In this study, four types of adsorbents which are chitosan, activated carbon, alum and zeolite based adsorption method were employed and explored in order to examine its feasibility in reducing the COD, suspended solid and oil concentration in the MEA wastewater and at the same time maintaining the level of amine concentration at acceptable limit. Adsorption method is chosen due to its direct application, simple, easy and widely used in wastewater treatment plant. In view of the fact that the MEA wastewater is produced abundantly from petrochemical plants and other processing plants for instance power plant and the lack of researches have been carried out to date, the research needs is significantly important in order to find alternative route methods for treating MEA wastewater which is inexpensive, simple, economically viable and environmental friendly.
Adsorption is the process of accumulating substances that are in solution on
a suitable interface. Adsorption is a mass transfer operation in that a constituent
in the liquid phase is transferred to the solid phase. The adsorbate is the
substance that is being removed from liquid phase at the interface. The adsorbent
is the solid, liquid or gas phase onto which the adsorbate accumulates. The
adsorption process has not been used extensively in wastewater treatment, but
demands for better quality of treated wastewater effluent, including toxicity
reduction and has led to an intensive examination (Metcalf
and Eddy, 2003). The driving force for adsorption is unsaturated forces
at the solid surface which can form bonds with the adsorbate. The forces are
typically electrostatic, covalent bonding or van der Waals interactions (reversible).
Stronger interactions involve direct electron transfer between sorbate and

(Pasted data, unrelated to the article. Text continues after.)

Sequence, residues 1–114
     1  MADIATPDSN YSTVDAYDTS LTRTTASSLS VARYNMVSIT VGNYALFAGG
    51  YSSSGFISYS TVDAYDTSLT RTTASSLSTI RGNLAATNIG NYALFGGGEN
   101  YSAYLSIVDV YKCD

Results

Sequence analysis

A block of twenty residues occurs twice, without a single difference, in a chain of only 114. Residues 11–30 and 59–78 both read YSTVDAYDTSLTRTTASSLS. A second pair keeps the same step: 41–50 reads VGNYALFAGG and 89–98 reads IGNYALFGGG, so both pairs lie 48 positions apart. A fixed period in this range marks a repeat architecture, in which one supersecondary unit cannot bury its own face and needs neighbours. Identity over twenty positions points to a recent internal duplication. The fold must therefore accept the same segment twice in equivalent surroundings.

the sorbent (irreversible). The strength of this interaction dictates the relative
ease or difficulty in removing (desorbing) the adsorbate for adsorbent regeneration
and adsorbate recovery. The selective nature of the adsorbent is primarily due
to the relative access and strength of the surface interaction for one component
in a feed mixture. The solid is the mass-separating agent and the separating
mechanism is the partitioning between the fluid and solid phase. An energy separating
agent, typically a pressure or temperature change is used to reverse the process
and regenerate the sorbent (Richard and Terry, 2004).
Adsorption processes are used economically in a wide variety of separations
in the chemical process industries. Activated carbon is the most common adsorbent
with annual worldwide sales estimated at 380$ million (Richard
and Terry, 2004). One common adsorption process is dehydration for the drying
of gas stream.
Chitosan, activated carbon, alum and zeolite are four types of adsorbents,
which have been used in many applications, ranging from food and separation
technology to wastewater treatment. Chitosan is one of the natural products
that are potentially can be used as adsorbents. Chitosan is cationic biodegradable
biopolymer produced by the extensive deacetylation process of chitin obtained
from shrimp shell wastes. Moreover, chitosan is a linear polysaccharide composed
of randomly distributed β-(1-4)-linked D-glucosamine (deacetylated unit)
and N-acetyl-D-glucosamine (acetylated unit). It is produced commercially by
deacetylation of chitin, which is the structural element in exoskeleton of crustaceans
(origin from crabs, shrimp, etc.) (Shahidi and Synowiecki,
1991). Chitosan, poly (D-glucosamine) a natural deacetylated marine polymer
has been used in a variety of practical fields including wastewater management,
pharmacology, biochemistry and biomedical (Majeti, 2000).
Chitosan has excellent properties such as biodegradability, hydrophilicity,
insoluble in water, biocompability, adsorption property, flocculating ability,
polyelectrolisity, antibacterial property and its capacity of regeneration in
a number of applications (Feng et al., 2000).
Its largest use is as non-toxic adsorbents in the treatment of organic polluted
wastewaters and as a chelating agent for toxic (heavy and reactive) metals (An
et al., 2001).
Activated carbon is used as an adsorbent in many industrial applications as
an economic mass separation agent to raise the final product quality. Drinking
water, wastewater treatment processes, food and chemical industry processes
are typical examples (Sophie and Pendleton, 2001). Activated